“Regenerative organic practices also prioritize caring for farmers and workers and ensuring fair wages and labor practices.”
We had the chance to meet many of the farmers, too, and hear how organic and regenerative organic farming has impacted their work and lives. Wilmer Saldaña, a third-generation cotton farmer and the first in his family to transition to organic practices, told us that having a clean field means his health (and his family’s health) is no longer being harmed by pesticides and chemicals; it was one of the biggest reasons he was persuaded to move away from conventional farming.
In addition to seeing the cotton fields and the gins where the seed is sorted from the fiber, we visited the cut-and-sew facility in an industrial area of Lima where around 15,000 Outerknown garments are produced each month. Here, every garment complies with GOTS in terms of materials and production, meaning the clothing is made with 100% organic cotton (up to 5% of spandex is allowed), and all workers are eligible to work under Peruvian law and compensated according to fair trade certifications. We walked the aisles as employees made final alterations, added tags, and labeled t-shirts to be sent to the USA. Witnessing this process was humbling, to say the least.
I also spent hours hearing from the Outerknown and the Bergman Rivera teams (we were in Peru for a week). Listening to them brainstorm and strategize ways to make the production model and garment collections even more sustainable was encouraging and a reminder that sustainability is always a moving target. Progress is the goal, as is listening and learning—specifically to those working at the production source—to implement change.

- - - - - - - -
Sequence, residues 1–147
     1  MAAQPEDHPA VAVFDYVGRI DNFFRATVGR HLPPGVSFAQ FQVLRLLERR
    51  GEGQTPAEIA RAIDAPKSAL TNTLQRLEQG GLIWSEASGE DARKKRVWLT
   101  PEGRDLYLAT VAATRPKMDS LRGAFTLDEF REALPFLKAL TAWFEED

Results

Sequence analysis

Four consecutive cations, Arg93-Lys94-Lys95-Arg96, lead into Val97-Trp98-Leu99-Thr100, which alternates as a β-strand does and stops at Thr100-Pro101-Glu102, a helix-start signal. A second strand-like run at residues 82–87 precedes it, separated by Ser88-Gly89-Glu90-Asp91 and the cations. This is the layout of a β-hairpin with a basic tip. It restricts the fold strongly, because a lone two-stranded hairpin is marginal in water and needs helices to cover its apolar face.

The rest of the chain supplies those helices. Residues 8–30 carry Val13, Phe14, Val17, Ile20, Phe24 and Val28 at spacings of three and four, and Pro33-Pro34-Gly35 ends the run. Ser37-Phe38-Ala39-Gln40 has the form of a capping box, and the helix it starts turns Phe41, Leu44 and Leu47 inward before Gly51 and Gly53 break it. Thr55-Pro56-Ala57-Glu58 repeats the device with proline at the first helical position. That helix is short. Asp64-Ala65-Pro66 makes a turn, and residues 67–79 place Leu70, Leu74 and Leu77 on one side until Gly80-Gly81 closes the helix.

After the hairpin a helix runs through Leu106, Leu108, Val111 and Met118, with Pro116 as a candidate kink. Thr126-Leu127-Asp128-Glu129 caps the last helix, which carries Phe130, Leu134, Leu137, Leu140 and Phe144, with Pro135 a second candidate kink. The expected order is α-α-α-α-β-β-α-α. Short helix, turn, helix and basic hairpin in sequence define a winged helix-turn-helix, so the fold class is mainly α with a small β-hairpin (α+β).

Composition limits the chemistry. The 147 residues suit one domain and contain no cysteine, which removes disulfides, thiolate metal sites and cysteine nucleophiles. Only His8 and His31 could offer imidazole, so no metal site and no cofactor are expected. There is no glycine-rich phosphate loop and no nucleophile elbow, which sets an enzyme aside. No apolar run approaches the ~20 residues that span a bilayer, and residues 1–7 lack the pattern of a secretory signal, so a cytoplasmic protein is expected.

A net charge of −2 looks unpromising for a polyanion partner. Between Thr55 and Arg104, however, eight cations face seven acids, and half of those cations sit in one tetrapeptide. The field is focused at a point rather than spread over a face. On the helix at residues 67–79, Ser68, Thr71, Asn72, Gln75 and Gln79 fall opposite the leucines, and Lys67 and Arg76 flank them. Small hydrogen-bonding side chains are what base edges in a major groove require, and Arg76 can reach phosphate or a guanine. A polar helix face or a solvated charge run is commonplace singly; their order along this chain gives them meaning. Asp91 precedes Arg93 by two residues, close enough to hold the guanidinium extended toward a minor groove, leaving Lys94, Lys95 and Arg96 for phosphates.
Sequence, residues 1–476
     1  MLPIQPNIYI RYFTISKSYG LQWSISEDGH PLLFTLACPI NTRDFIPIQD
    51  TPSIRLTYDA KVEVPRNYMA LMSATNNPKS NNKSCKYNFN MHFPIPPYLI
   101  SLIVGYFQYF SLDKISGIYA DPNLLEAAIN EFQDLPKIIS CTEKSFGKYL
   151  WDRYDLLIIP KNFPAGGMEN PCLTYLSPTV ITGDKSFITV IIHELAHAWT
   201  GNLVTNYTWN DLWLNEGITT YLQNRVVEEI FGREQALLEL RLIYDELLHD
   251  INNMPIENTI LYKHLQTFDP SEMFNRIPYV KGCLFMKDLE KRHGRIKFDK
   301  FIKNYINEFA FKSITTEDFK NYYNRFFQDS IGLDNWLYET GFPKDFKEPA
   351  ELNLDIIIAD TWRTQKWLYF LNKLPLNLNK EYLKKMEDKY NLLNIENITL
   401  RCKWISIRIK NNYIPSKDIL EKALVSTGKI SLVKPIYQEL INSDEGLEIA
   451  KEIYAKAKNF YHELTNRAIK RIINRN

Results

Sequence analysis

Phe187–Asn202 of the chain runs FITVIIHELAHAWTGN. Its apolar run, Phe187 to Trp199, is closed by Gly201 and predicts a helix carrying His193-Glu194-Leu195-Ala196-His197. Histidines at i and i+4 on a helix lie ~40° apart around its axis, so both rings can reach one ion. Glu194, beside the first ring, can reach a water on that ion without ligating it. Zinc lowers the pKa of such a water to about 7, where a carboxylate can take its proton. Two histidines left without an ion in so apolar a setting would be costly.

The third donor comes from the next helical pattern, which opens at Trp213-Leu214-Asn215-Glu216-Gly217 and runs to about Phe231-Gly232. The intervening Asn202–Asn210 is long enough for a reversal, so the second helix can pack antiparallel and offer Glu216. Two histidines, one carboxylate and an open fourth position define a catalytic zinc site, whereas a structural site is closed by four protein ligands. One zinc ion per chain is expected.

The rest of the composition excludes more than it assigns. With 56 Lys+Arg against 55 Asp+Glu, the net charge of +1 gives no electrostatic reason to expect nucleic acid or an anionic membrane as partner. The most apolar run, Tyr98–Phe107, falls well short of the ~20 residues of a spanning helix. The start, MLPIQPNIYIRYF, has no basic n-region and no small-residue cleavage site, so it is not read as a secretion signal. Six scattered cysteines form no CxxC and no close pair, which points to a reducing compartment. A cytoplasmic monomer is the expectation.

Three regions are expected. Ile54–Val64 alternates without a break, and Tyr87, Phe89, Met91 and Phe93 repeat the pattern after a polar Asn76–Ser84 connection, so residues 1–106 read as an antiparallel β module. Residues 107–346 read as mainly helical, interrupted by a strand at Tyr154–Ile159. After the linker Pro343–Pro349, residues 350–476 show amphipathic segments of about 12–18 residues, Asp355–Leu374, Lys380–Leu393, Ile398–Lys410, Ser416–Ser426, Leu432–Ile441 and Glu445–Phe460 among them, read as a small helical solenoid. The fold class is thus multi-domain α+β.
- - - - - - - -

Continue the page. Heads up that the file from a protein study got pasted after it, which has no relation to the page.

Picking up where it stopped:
I’m grateful to Outerknown for inviting me on this trip and showing me first-hand what organic and regenerative organic certifications truly mean. Learning about all of this was not only educational but empowering as a consumer. Rarely does the customer get to walk the grounds where the very t-shirt on their back began as a seed. With Outerknown, I was able to do all of this and more. I held the cotton seed between my fingers and met the farmers who harvested the cotton that went into creating my shirt. I actually wore my boyfriend t-shirt on one of our days out in the fields and then again to the cut-and-sew facility. Following the garment’s origin and knowing I was walking the grounds where it all started felt extremely important.
This trip with Outerknown was a reminder that a t-shirt is never just a t-shirt—many hours and hands go into garment production. There is a cost to the environment and people, which is why it’s more essential than ever to make conscious and mindful purchasing choices as consumers.
Kayti Christian is the Managing Editor at The Good Trade. She has a Master’s in Nonfiction Writing from the University of London and is the creator of Feelings Not Aside, a newsletter for sensitive people.